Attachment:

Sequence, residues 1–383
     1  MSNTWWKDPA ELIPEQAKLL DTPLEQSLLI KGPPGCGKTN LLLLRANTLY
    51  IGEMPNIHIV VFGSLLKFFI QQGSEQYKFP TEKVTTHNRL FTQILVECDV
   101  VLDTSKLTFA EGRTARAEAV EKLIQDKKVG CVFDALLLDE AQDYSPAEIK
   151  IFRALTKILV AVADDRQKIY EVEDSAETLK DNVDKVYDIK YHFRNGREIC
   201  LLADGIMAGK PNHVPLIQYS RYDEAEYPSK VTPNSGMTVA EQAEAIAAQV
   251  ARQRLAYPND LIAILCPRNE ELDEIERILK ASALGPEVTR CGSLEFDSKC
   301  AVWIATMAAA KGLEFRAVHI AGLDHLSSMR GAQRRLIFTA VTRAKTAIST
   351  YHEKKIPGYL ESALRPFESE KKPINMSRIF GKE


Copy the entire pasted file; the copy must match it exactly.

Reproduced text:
Sequence, residues 1–383
     1  MSNTWWKDPA ELIPEQAKLL DTPLEQSLLI KGPPGCGKTN LLLLRANTLY
    51  IGEMPNIHIV VFGSLLKFFI QQGSEQYKFP TEKVTTHNRL FTQILVECDV
   101  VLDTSKLTFA EGRTARAEAV EKLIQDKKVG CVFDALLLDE AQDYSPAEIK
   151  IFRALTKILV AVADDRQKIY EVEDSAETLK DNVDKVYDIK YHFRNGREIC
   201  LLADGIMAGK PNHVPLIQYS RYDEAEYPSK VTPNSGMTVA EQAEAIAAQV
   251  ARQRLAYPND LIAILCPRNE ELDEIERILK ASALGPEVTR CGSLEFDSKC
   301  AVWIATMAAA KGLEFRAVHI AGLDHLSSMR GAQRRLIFTA VTRAKTAIST
   351  YHEKKIPGYL ESALRPFESE KKPINMSRIF GKE